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Maternity and Paternity Leave in Thailand: A Guide for Overseas Employers

The necessity of offering maternity or paternity leave to new parents is well-known to most employers, but when you hire employees abroad the local entitlement standards will need to be followed closely.  The minimum amount of time for leave may be very different from your home country, and that could result in a vacant position longer than planned, or the unexpected cost of paying full salary during leave.

Employing in Thailand will mean meeting the leave entitlements when employees have a new child.  Thailand’s leave periods/payment rules are not especially burdensome for the employer compared to other countries, and social security does help offset the cost for private companies.  If you are new to hiring in Thailand, you will want to review the leave periods and payment amounts, so you are prepared if an employee becomes pregnant.

Maternity Leave in Thailand

What are the maternity leave entitlements in Thailand?

The maternity leave entitlement in Thailand was expanded in 2019 from 90 to 98 days of paid maternity leave.  The 98 days does include any time off for pre-natal doctor visits, as well as public holidays during the leave period.

The employee is paid 100% of salary during the first 45 days of leave, and that first half of the leave period is paid by the employer. The second half of leave is paid by social security (at 50%, and subject to a monthly cap of THB 15,000).  The social security leave can only be taken for two childbirths.  These entitlements also apply to surrogate mothers, but not to employees who become parents through surrogacy with a third party.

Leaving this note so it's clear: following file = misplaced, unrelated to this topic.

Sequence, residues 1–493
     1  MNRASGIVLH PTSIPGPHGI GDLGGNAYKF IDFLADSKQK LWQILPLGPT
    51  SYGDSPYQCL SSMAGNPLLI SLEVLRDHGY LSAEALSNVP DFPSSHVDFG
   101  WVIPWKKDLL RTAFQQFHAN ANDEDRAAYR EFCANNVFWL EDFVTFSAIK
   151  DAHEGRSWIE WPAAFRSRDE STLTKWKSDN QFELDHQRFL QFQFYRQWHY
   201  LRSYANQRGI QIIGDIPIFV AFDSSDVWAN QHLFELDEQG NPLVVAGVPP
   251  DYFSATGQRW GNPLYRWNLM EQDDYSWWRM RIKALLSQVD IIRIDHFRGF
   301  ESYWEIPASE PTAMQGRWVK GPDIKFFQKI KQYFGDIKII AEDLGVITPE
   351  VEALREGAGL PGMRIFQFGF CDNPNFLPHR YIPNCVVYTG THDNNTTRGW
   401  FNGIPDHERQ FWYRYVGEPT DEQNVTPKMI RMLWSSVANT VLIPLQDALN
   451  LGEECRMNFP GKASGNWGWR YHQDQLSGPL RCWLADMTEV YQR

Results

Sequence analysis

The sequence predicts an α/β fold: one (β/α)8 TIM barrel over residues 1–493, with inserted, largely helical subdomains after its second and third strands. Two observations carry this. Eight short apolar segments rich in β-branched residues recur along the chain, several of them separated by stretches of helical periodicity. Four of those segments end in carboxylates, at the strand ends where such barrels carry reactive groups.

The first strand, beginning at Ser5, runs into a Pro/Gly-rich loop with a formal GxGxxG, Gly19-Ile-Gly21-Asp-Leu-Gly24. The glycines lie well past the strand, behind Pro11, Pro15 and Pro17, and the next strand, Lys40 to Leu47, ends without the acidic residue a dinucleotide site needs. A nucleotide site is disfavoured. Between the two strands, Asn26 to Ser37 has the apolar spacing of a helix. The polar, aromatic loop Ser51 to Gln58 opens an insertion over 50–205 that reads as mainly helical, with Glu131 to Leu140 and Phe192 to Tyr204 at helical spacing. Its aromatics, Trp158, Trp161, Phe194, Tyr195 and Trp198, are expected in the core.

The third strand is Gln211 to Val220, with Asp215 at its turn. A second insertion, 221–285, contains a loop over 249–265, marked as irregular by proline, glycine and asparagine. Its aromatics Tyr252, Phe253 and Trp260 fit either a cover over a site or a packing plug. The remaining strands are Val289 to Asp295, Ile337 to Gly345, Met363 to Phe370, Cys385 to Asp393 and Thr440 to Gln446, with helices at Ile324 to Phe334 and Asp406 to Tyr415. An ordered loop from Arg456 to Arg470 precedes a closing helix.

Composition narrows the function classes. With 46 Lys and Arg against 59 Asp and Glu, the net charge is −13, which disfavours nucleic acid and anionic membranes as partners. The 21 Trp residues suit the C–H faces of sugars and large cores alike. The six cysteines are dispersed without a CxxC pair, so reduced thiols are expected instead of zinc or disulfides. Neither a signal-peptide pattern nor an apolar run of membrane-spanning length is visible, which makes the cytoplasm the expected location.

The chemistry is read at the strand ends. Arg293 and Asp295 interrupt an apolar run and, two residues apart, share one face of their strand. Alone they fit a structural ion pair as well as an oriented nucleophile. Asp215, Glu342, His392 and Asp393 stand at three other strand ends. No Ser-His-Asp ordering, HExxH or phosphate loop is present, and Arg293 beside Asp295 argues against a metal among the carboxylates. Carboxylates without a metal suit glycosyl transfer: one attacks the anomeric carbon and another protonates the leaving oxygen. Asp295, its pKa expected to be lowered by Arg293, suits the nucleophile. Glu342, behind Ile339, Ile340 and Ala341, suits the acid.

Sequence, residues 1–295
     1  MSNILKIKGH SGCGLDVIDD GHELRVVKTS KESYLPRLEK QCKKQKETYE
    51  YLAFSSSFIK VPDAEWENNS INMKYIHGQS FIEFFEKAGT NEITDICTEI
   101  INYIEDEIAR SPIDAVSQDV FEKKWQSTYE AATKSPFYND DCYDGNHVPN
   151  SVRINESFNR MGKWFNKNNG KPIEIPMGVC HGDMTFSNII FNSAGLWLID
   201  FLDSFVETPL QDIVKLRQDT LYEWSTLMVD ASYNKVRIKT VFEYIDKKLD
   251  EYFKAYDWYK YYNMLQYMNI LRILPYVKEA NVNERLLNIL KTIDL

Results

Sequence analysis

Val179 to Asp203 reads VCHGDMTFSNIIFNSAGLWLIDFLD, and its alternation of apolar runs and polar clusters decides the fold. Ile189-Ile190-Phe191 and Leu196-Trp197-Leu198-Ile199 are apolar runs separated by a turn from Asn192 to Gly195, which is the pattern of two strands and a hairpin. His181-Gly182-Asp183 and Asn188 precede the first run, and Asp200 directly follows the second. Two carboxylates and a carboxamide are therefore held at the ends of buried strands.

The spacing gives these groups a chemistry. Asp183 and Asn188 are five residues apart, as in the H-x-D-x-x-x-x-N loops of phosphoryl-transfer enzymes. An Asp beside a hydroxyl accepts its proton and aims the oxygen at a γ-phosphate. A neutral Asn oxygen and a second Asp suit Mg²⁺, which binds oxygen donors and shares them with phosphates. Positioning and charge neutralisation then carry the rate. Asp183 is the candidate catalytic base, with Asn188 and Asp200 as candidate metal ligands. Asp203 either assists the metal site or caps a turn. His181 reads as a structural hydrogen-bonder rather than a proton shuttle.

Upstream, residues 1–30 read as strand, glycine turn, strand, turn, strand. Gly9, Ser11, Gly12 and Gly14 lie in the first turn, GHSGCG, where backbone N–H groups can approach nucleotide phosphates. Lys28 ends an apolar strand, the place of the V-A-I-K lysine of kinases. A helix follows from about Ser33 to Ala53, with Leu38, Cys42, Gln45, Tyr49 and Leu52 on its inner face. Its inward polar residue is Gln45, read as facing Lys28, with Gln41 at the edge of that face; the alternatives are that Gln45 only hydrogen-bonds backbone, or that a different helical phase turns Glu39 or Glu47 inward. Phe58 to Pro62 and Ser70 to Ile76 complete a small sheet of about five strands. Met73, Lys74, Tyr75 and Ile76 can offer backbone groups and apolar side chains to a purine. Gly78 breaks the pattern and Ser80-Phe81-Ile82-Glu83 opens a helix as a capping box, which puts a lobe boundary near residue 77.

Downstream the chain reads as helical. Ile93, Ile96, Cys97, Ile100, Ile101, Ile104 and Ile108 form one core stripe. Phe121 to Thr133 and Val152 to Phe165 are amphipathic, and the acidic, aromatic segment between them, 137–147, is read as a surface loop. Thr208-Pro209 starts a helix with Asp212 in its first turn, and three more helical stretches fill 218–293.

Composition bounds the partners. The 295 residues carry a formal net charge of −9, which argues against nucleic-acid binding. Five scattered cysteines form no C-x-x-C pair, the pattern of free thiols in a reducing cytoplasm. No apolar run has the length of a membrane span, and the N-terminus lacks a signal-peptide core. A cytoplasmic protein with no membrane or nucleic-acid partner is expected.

Companies can also elect to create their own leave policies as long as they meet the statutory minimums.  One good example of this is Microsoft Thailand, who recently increased paid maternity leave from 12 to 20 weeks and paternity leave from three days to six weeks, also fully paid.

How long does an employee have to work with a company to use maternity leave?

There is no set length of service requirement to take maternity leave.  But, for full paid maternity leave benefits for the entire 90 days, the employee must have made contributions to the Social Welfare Fund for a minimum of 7 months before pregnancy (not before birth).  In most cases, those contributions would be with the current employer, so the 7 months does act as a service minimum.

Can an employee begin her maternity leave prior to giving birth? 

Yes, with a doctor’s certificate the leave/change of duties can begin before childbirth, otherwise the leave begins upon delivery of the child.

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Paternity Leave in Thailand

Are fathers entitled to paternity leave in Thailand?

In the private sector, there is no paid paternity leave by statute in Thailand, although employers are free to offer paid/unpaid time off.  (Both mothers and fathers who are insured by social security receive a THB 13,000 lump sum payment for child delivery).

Public sector employees do receive 15 days of paternity leave, but there is no plan to extend this to the private sector where it can be more difficult for companies to make up for the lost work time by new fathers.

Adoption Leave in Thailand

Do parents of adopted children receive maternity and paternity leave?

No, there is no statutory adoption leave for the parents, perhaps illustrating a labor policy that places more importance on the time and care needed for a newborn child.

Do you need more information on Thailand?

Employers just entering Thailand may have more questions such as:

Can employees be terminated during either pregnancy or maternity leave for justifiable causes?

How are the social security leave payments handled in payroll?  Are they taxed the same as wages? 

Is there any way to prevent an employee from resigning after they complete their 98 day leave period?

Our clients often have questions like these and rely on our assistance to remain compliant with rules surrounding benefits, leave, termination and running payroll abroad.  We make international employment simple.

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The information in this article is subject to changes in local legislation.

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